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Anne of the Island Lucy Maud Montgomery

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Phil silently got up, tossed her box of chocolates away, went up to Anne, and put her arms about her.

"Anne, I wish I was like you," she said soberly.

Diana met Anne at the Carmody station the next night, and they drove home together under silent, star-sown depths of sky. Green Gables had a very festal appearance as they drove up the lane. There was a light in every window, the glow breaking out through the darkness like flame-red blossoms swung against the dark background of the Haunted Wood. And in the yard was a brave bonfire with two gay little figures dancing around it, one of which gave an unearthly yell as the buggy turned in under the poplars.

"Davy means that for an Indian war-whoop," said Diana. "Mr. Harrison's hired boy taught it to him, and he's been practicing it up to welcome you with. Mrs. Lynde says it has worn her nerves to a frazzle. He creeps up behind her, you know, and then lets go. He was determined to have a bonfire for you, too. He's been piling up branches for a fortnight and pestering Marilla to be let pour some kerosene oil over it before setting it on fire. I guess she did, by the smell, though Mrs. Lynde said up to the last that Davy would blow himself and everybody else up if he was let."

Anne was out of the buggy by this time, and Davy was rapturously hugging her knees, while even Dora was clinging to her hand.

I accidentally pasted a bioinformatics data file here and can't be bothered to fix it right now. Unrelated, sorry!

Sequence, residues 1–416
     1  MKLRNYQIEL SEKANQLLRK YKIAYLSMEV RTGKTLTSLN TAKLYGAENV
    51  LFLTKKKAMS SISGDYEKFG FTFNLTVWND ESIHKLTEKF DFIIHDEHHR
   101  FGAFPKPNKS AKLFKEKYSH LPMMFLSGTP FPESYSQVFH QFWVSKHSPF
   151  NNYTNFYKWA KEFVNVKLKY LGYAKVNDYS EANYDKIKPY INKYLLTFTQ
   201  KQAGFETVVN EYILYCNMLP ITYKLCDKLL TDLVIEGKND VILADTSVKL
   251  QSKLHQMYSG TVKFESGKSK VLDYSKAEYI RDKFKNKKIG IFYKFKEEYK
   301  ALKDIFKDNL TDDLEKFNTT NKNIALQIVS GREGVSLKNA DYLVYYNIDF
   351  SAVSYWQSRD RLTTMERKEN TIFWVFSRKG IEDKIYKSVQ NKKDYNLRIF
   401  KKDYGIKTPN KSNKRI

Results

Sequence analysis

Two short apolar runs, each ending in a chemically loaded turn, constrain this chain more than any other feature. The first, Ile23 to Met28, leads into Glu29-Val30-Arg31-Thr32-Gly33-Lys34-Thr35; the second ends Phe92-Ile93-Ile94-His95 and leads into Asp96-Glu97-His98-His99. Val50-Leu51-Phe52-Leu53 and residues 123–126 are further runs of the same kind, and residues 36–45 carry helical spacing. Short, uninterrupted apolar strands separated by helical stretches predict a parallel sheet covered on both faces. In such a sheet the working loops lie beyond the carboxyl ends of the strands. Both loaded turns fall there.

"Isn't that a bully bonfire, Anne? Just let me show you how to poke it -- see the sparks? I did it for you, Anne, 'cause I was so glad you were coming home."

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The kitchen door opened and Marilla's spare form darkened against the inner light. She preferred to meet Anne in the shadows, for she was horribly afraid that she was going to cry with joy -- she, stern, repressed Marilla, who thought all display of deep emotion unseemly. Mrs. Lynde was behind her, sonsy, kindly, matronly, as of yore. The love that Anne had told Phil was waiting for her surrounded her and enfolded her with its blessing and its sweetness. Nothing, after all, could compare with old ties, old friends, and old Green Gables! How starry Anne's eyes were as they sat down to the loaded supper table, how pink her cheeks, how silver-clear her laughter! And Diana was going to stay all night, too. How like the dear old times it was! And the rose-bud tea-set graced the table! With Marilla the force of nature could no further go.

"I suppose you and Diana will now proceed to talk all night," said Marilla sarcastically, as the girls went upstairs. Marilla was always sarcastic after any self-betrayal.

"Yes," agreed Anne gaily, "but I'm going to put Davy to bed first. He insists on that."

"You bet," said Davy, as they went along the hall. "I want somebody to say my prayers to again. It's no fun saying them alone."

"You don't say them alone, Davy. God is always with you to hear you."

"Well, I can't see Him," objected Davy. "I want to pray to somebody I can see, but I WON'T say them to Mrs. Lynde or Marilla, there now!"

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Anne of the Island
Lucy Maud Montgomery

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